List of 'self-certified' buildings to be compiled
Dublin City Council is asking the city's chief fire officer to compile a list of buildings that were self-certified as fire safety compliant.
The move comes after it emerged at least five schools were found to have fire safety issues.
Solidarity councillor Michael O'Brien put forward an emergency motion at the council's monthly meeting yesterday. It was accepted without debate.
"It's been basically a box-ticking exercise, where a builder and an architect got together and filled out forms, confirming a building was fire safe," he said of the building process in recent years.
However, he told the Irish Independent procedures have been tightened up in more recent years, especially after the Priory Hall scandal.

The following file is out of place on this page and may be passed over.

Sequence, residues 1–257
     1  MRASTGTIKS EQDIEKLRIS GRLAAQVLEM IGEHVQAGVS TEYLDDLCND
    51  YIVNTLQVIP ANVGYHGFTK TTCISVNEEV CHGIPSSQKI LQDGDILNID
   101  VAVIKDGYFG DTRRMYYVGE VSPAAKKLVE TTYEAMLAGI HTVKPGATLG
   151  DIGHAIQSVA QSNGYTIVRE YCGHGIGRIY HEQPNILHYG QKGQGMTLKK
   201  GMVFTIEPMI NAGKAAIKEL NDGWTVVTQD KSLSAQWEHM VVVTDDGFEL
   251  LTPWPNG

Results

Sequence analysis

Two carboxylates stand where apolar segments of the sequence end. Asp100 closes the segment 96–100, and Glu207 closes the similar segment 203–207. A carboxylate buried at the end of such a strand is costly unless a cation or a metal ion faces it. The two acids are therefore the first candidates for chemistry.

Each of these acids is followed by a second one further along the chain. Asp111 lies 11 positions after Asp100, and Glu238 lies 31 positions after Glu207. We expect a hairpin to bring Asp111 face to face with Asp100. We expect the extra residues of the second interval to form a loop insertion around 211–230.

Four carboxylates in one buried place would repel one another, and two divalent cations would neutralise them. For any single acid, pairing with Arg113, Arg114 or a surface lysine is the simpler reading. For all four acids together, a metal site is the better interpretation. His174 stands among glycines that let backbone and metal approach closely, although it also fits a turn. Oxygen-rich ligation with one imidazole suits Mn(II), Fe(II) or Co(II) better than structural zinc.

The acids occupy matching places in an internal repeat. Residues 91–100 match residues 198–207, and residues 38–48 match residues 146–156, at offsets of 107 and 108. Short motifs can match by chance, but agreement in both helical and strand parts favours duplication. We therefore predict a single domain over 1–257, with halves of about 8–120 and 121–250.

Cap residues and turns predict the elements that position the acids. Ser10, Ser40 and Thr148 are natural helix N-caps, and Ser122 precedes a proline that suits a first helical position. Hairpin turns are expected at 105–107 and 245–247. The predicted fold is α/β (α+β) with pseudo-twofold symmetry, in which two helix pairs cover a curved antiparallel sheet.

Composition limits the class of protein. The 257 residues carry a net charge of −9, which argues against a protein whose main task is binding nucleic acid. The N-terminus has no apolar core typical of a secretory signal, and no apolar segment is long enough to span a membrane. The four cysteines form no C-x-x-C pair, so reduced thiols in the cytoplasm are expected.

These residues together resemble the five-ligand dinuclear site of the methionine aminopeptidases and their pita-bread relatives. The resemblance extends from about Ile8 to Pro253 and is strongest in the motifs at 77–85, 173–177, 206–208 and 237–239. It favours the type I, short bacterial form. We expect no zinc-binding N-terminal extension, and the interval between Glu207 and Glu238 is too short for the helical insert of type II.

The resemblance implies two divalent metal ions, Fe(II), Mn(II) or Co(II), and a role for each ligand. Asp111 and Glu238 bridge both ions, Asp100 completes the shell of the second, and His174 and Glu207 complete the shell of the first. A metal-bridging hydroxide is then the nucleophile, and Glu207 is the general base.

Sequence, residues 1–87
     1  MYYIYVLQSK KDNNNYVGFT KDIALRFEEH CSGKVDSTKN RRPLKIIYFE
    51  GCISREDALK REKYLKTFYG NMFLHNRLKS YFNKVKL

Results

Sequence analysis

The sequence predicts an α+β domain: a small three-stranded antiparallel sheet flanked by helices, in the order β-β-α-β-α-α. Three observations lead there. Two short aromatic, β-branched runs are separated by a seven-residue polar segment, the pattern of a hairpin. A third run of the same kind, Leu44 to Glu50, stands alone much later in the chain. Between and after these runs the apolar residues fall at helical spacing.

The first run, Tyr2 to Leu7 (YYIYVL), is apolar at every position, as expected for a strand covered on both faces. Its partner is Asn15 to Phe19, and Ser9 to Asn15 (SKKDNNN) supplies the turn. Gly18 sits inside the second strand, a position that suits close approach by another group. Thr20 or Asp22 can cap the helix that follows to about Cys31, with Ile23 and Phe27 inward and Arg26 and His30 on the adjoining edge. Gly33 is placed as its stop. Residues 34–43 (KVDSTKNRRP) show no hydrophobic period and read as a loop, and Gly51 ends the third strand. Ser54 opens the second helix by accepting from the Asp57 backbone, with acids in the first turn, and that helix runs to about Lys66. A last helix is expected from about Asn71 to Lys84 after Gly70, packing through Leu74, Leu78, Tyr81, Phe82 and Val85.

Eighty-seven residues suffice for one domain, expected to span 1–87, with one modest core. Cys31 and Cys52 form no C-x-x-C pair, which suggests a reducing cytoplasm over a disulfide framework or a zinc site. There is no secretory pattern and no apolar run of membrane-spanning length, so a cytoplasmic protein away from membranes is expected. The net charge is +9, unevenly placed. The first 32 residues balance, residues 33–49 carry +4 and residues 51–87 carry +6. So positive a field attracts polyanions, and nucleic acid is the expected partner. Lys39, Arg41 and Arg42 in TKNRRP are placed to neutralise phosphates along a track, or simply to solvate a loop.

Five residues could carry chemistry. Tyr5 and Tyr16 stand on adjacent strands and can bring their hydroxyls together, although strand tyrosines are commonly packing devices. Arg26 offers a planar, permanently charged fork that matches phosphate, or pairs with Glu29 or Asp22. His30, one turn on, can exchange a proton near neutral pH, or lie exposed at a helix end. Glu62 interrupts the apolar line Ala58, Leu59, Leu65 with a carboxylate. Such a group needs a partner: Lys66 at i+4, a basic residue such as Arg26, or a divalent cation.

His motion also noted "with concern" that the Department of Education had tried to prevent the results of fire safety inspections becoming public. The department refused, on two occasions, to release fire safety reports to local newspaper the 'Dublin Inquirer', requested in December 2016 under the Freedom of Information Act. The decision was eventually overturned by the Information Commissioner on August 10.
Fire safety reports for Powerstown Education Together in Tyrrelstown, Belmayne Educate Together, Belmayne St Francis of Assisi, Greystones Gaelscoil, and Mullingar Educate Together were within the scope of the report.
Meanwhile, Housing Minister Eoghan Murphy angered members of the council after he decided against appearing to discuss the housing crisis. The council had invited him to attend its first meeting after the summer break last night.
However, Lord Mayor of Dublin Mícheál Mac Donncha said Mr Murphy responded that he would appear only after the Rebuilding Ireland report had been completed. He said he was disappointed with the minister.
This was met with anger by all parties on the council, other than Fine Gael.